2019 Awards for Excellence in Land Conservation
We are proud to celebrate and feature our winners for our annual Awards for Excellence in Land Conservation. In making these awards, CLCC seeks to recognize organizations and individuals who have made a substantive contribution to the ongoing success of land conservation in our state and projects that may serve as a guide to or be replicable by other land trusts and conservation organizations in Connecticut.
Excellence in Conservation Organization Award
Heritage Land Preservation Trust – Coe Brass Dam Preserve
Among its many projects, the Heritage Land Preservation Trust has been actively involved in preserving the historic Brass Mill Dam site at the junction of Migeon Avenue and Church Street on the West Branch of the Naugatuck River in the City of Torrington.
The site consists of 12 acres along both sides of the Naugatuck River and includes the dam itself, a gate house and what can only be described as a gorgeous sluiceway. Extensive work has been done on the grounds through the Trust's efforts, including clearing the area of invasive brush and creating a park and benches on the eastern side.
The Trust is now in the process of applying for grant money to restore the gate house that still stands on the west side of the river.
The work done to preserve the land is certainly impressive. In addition, this project has special significance in its preservation of the historical value that the land represents—reflecting the manufacturing history of the City of Torrington and the importance of the rivers and essential water power they supplied to the factories and mills. Originally only a log dam, the structure was rebuilt in the 20th century and is now made of stone. It is arguably the best example of a mill site in the city.
The value of this project is already being recognized at the highest levels of the City of Torrington. Last summer, members of the Trust held an "open house" at the site for the public to view their work. The mayor, Elinor Carbone, and the director of the Historical Society, Mark McEachern, as well as members of the Trust, all spoke about the benefits of this project to the community.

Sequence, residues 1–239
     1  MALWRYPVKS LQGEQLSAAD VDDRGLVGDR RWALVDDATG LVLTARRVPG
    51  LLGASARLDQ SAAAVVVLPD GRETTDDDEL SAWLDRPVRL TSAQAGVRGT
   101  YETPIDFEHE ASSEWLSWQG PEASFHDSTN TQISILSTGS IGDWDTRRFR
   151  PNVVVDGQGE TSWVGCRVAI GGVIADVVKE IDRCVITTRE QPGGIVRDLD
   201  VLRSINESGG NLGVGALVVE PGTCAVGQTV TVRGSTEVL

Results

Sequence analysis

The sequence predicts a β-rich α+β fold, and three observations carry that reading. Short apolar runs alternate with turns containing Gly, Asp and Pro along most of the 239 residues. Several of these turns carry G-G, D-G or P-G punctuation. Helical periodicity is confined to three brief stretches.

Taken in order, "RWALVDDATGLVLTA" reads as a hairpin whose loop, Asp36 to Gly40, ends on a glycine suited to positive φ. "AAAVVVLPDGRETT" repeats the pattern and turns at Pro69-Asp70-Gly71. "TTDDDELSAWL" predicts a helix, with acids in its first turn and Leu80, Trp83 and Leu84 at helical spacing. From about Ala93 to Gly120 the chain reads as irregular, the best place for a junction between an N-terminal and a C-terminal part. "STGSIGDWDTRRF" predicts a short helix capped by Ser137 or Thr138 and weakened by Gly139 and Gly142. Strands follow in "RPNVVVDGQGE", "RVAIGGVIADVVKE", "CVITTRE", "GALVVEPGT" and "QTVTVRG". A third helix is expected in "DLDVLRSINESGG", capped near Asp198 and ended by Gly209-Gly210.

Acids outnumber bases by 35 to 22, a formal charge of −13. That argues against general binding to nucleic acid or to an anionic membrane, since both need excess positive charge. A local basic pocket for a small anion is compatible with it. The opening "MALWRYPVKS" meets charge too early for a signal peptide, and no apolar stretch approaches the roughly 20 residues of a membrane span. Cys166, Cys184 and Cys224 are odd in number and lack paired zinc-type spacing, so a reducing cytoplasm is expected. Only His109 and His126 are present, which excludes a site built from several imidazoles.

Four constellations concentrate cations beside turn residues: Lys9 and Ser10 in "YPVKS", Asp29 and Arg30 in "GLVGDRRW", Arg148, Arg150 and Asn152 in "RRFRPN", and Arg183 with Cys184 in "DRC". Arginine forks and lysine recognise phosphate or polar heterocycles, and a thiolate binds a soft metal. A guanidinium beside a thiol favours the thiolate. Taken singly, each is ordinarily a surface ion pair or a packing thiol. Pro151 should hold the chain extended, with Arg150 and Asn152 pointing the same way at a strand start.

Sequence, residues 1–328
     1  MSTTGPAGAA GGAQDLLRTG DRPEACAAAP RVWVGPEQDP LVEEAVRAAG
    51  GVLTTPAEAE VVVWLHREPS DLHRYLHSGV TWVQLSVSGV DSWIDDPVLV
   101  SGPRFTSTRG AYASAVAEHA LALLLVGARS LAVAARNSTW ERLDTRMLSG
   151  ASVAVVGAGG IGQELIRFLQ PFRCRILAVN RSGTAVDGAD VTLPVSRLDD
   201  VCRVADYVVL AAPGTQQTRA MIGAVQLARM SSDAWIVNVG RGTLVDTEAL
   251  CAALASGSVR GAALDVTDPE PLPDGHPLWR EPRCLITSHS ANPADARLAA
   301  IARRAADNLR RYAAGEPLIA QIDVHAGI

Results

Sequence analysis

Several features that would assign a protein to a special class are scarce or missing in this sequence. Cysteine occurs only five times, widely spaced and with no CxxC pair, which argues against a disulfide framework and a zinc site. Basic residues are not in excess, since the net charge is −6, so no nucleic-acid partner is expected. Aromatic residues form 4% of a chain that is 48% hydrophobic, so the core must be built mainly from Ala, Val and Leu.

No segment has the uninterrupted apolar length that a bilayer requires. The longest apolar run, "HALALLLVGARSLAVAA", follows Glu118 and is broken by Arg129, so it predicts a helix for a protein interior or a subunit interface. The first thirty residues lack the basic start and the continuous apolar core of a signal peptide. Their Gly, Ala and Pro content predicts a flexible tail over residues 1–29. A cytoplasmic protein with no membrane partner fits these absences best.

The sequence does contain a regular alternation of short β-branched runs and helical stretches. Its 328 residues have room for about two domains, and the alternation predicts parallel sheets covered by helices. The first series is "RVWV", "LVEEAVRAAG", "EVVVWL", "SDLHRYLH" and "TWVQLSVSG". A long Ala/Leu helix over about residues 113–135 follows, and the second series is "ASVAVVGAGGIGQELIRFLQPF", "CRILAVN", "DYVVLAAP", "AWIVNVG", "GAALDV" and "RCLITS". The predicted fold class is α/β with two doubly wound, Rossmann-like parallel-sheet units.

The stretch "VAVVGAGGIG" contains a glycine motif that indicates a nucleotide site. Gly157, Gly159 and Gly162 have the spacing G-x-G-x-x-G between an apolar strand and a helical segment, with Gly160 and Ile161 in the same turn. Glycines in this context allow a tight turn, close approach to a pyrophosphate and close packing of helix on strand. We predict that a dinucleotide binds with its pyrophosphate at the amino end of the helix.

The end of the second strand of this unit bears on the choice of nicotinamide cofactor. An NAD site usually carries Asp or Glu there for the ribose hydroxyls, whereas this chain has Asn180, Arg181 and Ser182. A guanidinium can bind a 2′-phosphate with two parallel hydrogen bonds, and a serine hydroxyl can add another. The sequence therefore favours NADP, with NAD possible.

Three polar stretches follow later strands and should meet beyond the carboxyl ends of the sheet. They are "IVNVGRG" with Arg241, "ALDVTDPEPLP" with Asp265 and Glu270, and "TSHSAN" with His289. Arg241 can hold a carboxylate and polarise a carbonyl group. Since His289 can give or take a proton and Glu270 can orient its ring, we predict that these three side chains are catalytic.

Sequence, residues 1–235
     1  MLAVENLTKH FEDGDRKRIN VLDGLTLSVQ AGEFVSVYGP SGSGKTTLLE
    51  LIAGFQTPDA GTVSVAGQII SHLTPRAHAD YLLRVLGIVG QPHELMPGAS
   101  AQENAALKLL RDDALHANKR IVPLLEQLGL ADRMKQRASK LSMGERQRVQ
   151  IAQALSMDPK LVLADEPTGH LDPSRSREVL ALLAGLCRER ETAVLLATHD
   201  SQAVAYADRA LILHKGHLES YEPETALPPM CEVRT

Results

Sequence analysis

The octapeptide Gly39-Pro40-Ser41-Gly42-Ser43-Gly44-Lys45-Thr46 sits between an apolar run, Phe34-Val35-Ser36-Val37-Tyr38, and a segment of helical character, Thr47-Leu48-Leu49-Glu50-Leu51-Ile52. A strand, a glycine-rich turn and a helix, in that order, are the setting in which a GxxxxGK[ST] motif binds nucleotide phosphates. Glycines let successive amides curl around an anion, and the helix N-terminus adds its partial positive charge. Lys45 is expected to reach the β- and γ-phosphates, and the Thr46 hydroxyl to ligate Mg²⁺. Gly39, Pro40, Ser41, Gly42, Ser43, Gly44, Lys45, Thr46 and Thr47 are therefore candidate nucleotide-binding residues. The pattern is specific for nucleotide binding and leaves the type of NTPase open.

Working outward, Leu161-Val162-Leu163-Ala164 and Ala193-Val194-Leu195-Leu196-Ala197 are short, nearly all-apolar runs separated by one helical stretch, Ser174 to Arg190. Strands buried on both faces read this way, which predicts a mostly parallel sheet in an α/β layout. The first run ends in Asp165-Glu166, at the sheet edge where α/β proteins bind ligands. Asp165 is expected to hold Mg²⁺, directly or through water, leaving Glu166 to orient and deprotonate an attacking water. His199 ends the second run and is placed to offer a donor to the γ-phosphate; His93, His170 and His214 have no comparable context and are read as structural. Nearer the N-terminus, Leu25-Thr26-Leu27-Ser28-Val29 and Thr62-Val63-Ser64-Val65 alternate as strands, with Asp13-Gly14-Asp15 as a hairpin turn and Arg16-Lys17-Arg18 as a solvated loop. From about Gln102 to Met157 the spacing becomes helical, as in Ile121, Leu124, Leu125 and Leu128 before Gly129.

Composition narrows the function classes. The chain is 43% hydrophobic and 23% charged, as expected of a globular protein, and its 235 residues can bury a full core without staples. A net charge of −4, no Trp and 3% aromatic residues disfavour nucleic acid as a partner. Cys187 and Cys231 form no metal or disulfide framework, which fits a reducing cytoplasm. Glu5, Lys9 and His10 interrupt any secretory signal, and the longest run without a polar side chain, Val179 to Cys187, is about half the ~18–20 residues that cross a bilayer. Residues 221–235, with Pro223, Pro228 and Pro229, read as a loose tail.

In addition, the Torrington Trails Network, in partnership with the City of Torrington, is in the process of building its section of the Naugatuck River Greenway, which will eventually extend 44 miles south to Derby. The northern terminus of the Greenway will be on Franklin Avenue in the downtown area, approximately three quarters of a mile from the dam site.
The Network plans to extend the city's trail system from that terminus to the site that the Trust is improving. The site will additionally become a key landmark in the trail system.
Through this project, the Heritage Land Preservation Trust has done an outstanding job enhancing a site that preserves open space, provides public use, and restores an important historical location for the City of Torrington’s residents and trail users.
Katchen Coley Award for Excellence in Land Conservation
Leavenworth "Lem" P. Sperry, Jr.
When growing up in the 1920s and 1930s, now almost a century ago, Lem Sperry (Leavenworth P. Sperry, Jr.) particularly loved swimming, fishing, skating, and spending time in a rowboat on a pond his grandfather had created along Straits Turnpike in Middlebury, Connecticut. He also enjoyed hiking on nearby trails and attending family picnics at the log cabin which then existed at the pond.
It is not surprising, therefore, that Lem came to see the importance of keeping land like that where he played as a boy forever open and protected. What is surprising, however, is that Lem’s vision for protection of open space in perpetuity came about before such programs were at all well-known or commonplace—some 50 years ago.